Fandom: Doctor Who
Word Count: 3,585
Warnings: the Master is sketchy and sex-starved; mild smut; some language; Shakespeare; shameless pop culture references; another S3 Master-as-a-really-bad-companion AU
Summary: In which the Doctor is oblivious and boring and depressed, so the Master takes matters into his own hands.
Author's Note: This fic was begun in a terminal at Mineta San Jose International Airport, continued on a twelve-hour flight to Heathrow, and finished in eltea's room in Oxford, which doesn't much matter to you but does to me. XD It wouldn't exist without the aforementioned not-so-evil super-genius (eltea), because she's the one who figures all of this stuff out and then explains it to me. This fic also has a sister fic, which is called Bumper's Last Stand, and which discusses very similar themes but has Jelly Babies as its central trope, rather than The Tempest. It frightens me how well that dichotomy sums me up. XD
Your charm so strongly works ’em
That if you now beheld them, your affections
Would become tender.
Dost thou think so, spirit?
Mine would, sir, were I human.
Subtlety and meaningful gazes and two-heartsfelt sighs were all good and well, but the Master had the approximate attention span of a gnat crossed with a goldfish, so after a day of completely misinterpreted hints, he simply spread himself provocatively on the Doctor’s bed and settled down to wait.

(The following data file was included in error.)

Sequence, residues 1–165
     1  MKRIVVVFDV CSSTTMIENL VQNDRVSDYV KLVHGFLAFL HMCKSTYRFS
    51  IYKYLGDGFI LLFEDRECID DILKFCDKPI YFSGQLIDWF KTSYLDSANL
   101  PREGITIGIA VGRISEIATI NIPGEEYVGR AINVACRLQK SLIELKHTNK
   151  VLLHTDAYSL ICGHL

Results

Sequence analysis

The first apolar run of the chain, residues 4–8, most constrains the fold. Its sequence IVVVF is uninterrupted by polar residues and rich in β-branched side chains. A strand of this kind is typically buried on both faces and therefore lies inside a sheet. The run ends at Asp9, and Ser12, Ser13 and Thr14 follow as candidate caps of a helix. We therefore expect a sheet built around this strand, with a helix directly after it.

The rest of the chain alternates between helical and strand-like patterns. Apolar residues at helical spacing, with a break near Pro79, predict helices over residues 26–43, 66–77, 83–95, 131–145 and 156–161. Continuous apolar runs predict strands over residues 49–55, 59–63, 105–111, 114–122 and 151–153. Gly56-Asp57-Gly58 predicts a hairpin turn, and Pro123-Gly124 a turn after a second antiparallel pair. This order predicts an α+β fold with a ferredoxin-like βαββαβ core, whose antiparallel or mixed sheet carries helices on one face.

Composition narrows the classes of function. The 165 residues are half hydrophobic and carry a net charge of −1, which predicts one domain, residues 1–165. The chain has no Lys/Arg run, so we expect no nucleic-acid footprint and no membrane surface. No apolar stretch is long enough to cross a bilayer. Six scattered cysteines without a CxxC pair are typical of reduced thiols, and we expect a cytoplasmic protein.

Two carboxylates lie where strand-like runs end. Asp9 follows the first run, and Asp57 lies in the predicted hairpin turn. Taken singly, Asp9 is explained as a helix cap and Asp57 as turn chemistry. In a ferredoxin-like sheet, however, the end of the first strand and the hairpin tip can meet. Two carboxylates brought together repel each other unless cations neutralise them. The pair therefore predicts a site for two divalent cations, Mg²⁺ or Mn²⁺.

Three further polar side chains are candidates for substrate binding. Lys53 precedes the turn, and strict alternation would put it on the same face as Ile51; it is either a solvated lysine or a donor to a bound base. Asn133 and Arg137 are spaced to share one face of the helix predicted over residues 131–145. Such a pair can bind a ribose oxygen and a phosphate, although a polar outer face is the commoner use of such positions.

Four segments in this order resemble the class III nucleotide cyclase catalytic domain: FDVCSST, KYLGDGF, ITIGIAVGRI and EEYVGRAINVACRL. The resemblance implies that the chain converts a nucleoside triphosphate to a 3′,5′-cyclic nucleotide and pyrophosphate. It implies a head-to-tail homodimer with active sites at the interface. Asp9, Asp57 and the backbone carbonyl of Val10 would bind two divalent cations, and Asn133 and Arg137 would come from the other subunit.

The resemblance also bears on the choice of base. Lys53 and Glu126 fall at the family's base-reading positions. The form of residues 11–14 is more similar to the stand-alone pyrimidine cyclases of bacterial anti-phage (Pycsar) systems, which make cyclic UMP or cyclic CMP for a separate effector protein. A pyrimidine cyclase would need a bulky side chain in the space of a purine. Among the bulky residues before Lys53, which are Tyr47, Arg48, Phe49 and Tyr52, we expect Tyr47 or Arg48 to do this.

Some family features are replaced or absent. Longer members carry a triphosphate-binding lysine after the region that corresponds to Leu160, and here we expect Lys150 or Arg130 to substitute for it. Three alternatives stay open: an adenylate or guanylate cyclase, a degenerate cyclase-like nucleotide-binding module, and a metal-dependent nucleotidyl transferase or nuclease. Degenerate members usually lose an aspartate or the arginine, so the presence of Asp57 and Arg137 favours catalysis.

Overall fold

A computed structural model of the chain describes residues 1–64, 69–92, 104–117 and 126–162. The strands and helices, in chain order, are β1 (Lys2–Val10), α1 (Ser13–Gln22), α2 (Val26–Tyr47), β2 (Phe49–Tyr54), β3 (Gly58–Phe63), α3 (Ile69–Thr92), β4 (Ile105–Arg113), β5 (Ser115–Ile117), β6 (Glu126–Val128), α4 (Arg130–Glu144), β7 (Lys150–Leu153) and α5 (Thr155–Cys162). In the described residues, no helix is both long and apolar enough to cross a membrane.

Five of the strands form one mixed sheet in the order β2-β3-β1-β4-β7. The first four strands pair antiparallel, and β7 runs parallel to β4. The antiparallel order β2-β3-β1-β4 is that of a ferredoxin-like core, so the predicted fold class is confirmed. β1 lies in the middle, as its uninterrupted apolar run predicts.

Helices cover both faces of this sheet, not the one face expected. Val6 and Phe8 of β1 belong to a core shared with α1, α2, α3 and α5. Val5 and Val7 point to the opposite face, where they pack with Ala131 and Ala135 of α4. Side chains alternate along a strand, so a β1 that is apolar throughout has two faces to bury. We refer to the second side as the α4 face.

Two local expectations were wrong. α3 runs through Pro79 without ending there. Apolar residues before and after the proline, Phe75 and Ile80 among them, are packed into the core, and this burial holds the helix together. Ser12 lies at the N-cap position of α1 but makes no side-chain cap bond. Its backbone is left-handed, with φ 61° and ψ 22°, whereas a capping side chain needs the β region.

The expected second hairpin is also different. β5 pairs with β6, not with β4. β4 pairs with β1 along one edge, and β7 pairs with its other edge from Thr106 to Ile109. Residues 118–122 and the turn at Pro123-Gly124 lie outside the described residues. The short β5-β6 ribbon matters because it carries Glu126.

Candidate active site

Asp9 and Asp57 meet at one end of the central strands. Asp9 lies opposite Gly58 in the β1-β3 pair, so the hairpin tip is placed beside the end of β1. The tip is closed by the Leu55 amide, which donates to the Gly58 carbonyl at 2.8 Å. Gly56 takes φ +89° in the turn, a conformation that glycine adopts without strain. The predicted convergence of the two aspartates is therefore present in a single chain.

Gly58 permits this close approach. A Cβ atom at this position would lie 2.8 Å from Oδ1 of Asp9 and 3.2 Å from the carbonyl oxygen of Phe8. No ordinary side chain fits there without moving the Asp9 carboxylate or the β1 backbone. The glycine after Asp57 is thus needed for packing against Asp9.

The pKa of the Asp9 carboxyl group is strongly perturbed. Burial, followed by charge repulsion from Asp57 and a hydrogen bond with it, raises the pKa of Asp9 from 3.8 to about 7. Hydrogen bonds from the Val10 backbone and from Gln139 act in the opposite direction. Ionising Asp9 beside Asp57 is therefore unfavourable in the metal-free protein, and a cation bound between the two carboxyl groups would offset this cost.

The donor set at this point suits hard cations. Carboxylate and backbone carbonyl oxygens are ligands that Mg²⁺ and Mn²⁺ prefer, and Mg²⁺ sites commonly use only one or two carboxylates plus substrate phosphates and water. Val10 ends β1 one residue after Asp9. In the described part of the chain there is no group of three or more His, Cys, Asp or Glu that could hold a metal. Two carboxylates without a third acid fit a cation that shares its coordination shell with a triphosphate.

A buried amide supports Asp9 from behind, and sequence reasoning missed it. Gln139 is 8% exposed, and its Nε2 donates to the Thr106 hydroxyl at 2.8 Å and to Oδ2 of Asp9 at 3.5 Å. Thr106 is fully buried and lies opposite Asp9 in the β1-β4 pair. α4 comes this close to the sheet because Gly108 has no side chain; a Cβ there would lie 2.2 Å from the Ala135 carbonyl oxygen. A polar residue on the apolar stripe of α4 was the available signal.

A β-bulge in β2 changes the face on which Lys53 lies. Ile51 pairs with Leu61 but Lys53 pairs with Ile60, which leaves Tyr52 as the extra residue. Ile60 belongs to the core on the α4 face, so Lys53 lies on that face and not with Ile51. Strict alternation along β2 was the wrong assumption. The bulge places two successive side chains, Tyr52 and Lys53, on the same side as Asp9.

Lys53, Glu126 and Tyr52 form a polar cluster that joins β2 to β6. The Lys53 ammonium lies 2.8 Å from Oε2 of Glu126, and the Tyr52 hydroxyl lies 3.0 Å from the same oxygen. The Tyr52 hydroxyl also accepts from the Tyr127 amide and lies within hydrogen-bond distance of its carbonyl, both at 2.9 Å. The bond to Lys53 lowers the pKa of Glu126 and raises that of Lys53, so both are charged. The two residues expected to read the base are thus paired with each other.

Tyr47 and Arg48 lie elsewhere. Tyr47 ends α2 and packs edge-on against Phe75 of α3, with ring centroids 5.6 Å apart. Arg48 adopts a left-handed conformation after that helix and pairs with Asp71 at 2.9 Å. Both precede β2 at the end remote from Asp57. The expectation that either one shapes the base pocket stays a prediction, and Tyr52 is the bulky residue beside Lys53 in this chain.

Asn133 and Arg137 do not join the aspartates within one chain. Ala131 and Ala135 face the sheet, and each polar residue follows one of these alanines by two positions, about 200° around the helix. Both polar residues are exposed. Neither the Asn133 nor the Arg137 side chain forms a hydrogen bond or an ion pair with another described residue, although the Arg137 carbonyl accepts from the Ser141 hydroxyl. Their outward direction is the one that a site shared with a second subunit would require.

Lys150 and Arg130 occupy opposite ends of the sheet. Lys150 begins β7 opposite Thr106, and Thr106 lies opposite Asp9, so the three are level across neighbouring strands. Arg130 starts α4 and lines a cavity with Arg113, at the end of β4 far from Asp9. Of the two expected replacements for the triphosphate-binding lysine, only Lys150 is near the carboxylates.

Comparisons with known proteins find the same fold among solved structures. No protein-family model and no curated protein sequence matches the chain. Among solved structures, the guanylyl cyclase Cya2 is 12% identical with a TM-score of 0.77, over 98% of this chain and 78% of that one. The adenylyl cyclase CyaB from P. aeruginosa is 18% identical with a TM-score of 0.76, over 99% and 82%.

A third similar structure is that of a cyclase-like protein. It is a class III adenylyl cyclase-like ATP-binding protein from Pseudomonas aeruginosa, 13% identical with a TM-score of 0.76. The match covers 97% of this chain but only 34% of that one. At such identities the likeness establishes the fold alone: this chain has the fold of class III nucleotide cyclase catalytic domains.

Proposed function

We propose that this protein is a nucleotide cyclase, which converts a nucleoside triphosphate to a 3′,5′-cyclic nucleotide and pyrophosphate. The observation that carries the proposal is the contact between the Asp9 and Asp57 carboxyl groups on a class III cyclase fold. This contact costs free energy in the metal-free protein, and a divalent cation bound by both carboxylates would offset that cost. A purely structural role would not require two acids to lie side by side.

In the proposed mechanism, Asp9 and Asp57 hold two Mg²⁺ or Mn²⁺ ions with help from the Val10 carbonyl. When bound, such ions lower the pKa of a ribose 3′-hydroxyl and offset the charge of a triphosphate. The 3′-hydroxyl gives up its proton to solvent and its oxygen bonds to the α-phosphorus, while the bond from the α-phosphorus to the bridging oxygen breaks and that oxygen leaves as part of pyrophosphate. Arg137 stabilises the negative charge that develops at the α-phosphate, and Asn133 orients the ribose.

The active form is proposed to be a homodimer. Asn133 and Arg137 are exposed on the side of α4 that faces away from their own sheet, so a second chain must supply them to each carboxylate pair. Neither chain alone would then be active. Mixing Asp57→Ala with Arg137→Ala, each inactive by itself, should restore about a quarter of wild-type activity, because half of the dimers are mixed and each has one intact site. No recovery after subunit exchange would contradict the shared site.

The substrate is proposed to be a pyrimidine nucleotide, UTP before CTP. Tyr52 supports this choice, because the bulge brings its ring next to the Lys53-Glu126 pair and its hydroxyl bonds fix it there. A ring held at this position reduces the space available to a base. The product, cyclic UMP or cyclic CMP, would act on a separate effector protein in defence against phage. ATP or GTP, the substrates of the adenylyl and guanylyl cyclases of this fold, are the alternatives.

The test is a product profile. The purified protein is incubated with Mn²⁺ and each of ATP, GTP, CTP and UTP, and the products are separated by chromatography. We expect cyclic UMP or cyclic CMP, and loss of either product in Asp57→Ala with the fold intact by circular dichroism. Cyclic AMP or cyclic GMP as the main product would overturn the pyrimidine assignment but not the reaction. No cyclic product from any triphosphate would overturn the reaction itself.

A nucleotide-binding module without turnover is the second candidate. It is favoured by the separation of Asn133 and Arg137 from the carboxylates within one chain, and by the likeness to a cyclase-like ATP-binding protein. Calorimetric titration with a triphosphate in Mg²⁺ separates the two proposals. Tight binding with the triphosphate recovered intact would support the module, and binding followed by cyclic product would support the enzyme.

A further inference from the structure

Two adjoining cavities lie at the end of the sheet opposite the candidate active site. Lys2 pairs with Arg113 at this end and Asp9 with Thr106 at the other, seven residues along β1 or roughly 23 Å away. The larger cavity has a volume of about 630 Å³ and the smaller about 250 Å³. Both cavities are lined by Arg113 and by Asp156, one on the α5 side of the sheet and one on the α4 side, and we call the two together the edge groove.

He had sketched out diagrammatic plans for a rather elegant vaporizer by the time he heard footsteps in the hall and hastily replaced the Doctor’s notebook on the nightstand. He’d have to make sure to take that out with him when he left—well, if he left. Ideally, the Doctor would renege on all of that “incorrigibly destructive” and “moral compass with a rusty needle and malfunctioning magnetics” nonsense, and the Master would inhabit their love nest pretty much permanently.
For now, he was in Stage One, which had to be executed flawlessly to ensure that Stages Two through Forty-Six could proceed. Accordingly, the Master stretched out, adjusted the sheets to draw them into an aesthetic tangle around his thighs, and supported himself on one bent arm, the better to display his sparing raiment.
He was going to make sure the Doctor appreciated the sparing raiment in question. He’d had to paint these black boxers himself—“VOTE SAXON” across the back and a check box on the front, which had proved to be a challenging design. He’d almost given up and settled for drawing a huge arrow pointing to the crotch.